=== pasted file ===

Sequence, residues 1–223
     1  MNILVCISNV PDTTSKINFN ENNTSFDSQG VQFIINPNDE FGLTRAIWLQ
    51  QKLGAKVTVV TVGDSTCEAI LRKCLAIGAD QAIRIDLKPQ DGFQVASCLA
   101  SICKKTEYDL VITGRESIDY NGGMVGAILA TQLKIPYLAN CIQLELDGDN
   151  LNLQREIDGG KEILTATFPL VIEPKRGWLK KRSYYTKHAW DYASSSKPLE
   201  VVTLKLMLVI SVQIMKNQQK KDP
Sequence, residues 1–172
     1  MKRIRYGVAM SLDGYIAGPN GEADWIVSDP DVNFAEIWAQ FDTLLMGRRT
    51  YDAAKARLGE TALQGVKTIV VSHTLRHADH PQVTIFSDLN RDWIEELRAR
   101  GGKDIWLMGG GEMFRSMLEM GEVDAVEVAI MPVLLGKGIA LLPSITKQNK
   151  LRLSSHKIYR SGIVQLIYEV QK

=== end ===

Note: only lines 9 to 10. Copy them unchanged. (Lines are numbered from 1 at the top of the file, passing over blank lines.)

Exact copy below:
    51  YDAAKARLGE TALQGVKTIV VSHTLRHADH PQVTIFSDLN RDWIEELRAR
   101  GGKDIWLMGG GEMFRSMLEM GEVDAVEVAI MPVLLGKGIA LLPSITKQNK